Score: 7/10

(I would have happily rated this a 8/10 had the price been a little lower).

The second bottling is the Prologue W Single Malt bottled at 55.5% ABV and matured for three years in both first-fill bourbon casks and virgin American oak casks. The barley was sourced from three places – Japan, Scotland (both peated and unpeated) and from Germany (beer malt). The letter “W” indicates that this was produced using the distillery’s famous wood-fired pot still.

Shizuoka Prologue W Single Malt – Review

First-fill bourbon casks, virgin American oak casks. 3 years old. 55.5% ABV.

Colour: Golden straw. Slightly thicker legs than the Prologue K.

On the nose: Fresh, honeyed and floral and sightly mineral. The flavours are distinctly bolder and more forthcoming than from the Prologue K.

This opens with big and distinctive notes of honey, caramel and Lotus biscuits. There’s considerably more fruitiness and sweetness here compared to the Prologue K. Honey and caramel are followed by fresh, fruity notes of fresh apples and apricots. There is also a distinctive note of orange oil very often seen in Scottish bourbon-cask whiskies such as Glenmorangie. There’s also a mildly grassy and spicy note that is evocative of fresh cut rosemary and peppermint.

In the mouth: Sweet and robust with mild heat, smokiness and a richer texture. The palate opens with sweet notes of honey, apples and apricots, paired with a lively spiciness of ginger and star anise. Behind the fruit and spice is a hint of lemon sponge cake slathered with icing sugar. Fruit and spice then evolves into minerality, gasoline and solvent-like notes that are very similar to the Prologue K. The difference here is that it’s a little sweeter, and reminiscent of drinking warm sake.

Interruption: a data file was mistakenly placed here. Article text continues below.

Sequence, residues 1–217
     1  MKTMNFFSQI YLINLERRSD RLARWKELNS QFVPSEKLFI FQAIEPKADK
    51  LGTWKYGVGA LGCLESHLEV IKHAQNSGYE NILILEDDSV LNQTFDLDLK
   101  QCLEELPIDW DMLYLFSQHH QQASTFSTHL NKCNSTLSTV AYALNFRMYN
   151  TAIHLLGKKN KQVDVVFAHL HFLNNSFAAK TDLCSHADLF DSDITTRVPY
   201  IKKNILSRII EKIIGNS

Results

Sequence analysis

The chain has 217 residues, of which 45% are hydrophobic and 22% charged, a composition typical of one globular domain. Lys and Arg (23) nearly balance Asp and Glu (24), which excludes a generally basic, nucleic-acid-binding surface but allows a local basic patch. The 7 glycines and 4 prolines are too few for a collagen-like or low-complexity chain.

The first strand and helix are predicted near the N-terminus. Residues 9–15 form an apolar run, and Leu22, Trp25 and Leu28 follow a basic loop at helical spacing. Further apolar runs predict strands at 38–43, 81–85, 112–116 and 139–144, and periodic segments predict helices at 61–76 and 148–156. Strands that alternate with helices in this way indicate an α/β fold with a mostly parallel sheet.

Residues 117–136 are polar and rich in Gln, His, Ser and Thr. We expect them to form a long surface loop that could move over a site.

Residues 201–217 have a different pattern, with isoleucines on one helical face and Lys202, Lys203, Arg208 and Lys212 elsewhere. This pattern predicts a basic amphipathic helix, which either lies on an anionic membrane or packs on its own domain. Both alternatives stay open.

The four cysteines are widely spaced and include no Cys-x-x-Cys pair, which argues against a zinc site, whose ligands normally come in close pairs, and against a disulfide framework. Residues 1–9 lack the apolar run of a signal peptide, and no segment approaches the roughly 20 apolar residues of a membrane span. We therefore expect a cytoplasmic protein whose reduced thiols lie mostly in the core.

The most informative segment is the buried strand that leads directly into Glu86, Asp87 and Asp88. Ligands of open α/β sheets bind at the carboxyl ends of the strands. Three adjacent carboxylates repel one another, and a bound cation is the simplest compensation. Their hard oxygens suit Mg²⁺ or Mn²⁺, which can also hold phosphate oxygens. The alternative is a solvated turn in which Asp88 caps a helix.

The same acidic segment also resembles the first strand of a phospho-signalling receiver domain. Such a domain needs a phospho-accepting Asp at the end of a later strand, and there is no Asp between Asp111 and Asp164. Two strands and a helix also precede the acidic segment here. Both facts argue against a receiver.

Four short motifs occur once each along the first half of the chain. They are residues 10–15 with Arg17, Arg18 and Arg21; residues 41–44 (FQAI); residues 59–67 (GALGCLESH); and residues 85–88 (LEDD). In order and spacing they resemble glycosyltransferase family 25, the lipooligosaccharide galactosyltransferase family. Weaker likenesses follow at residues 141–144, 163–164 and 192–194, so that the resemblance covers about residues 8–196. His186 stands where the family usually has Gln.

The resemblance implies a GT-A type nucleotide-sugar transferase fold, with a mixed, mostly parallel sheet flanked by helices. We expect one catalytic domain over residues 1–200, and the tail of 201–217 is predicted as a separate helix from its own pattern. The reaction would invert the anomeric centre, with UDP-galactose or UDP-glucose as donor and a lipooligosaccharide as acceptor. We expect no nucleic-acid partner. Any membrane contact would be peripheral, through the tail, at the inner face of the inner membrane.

There is a slight bitterness, and I felt hint of very faint smokiness that I might have imagined (I only later read that there was a component of peated Scottish malt).

Addition of water brings out more interesting notes of sweet pears, a mild roasted Chinese chestnut nuttiness (“lìzi” or “栗子”) and a green tea-like character.

There are many aspects here that are similar to the Prologue K, especially with the combination of fruits, minerality and multi-dimensionality. It’s clear that they are from the same distillery. However, the flavours here are more pronounced, a tad more astringent, and are delivered with a slightly richer texture.

The finish is quite long, with fading notes of lemon sponge cake and candied ginger.

Conclusions:

This is another impressive NAS from Shizuoka. Like the Prologue K, this is more complex than the average NAS Japanese or Scotches.

The Prologue K (the earlier bottle) could seem a little shy initially, so I like how the flavours for the Prologue W are significantly more pronounced. Yet, it does feel a little rough around the edges due to its strong amount of spice and mild astringency (perhaps due to the virgin oak).

And as I said earlier, I felt that the Prologue K was a little short on the finish. It’s nice that the finish here is much longer- it almost seems like the Prologue W was designed as an answer to my offhand thought!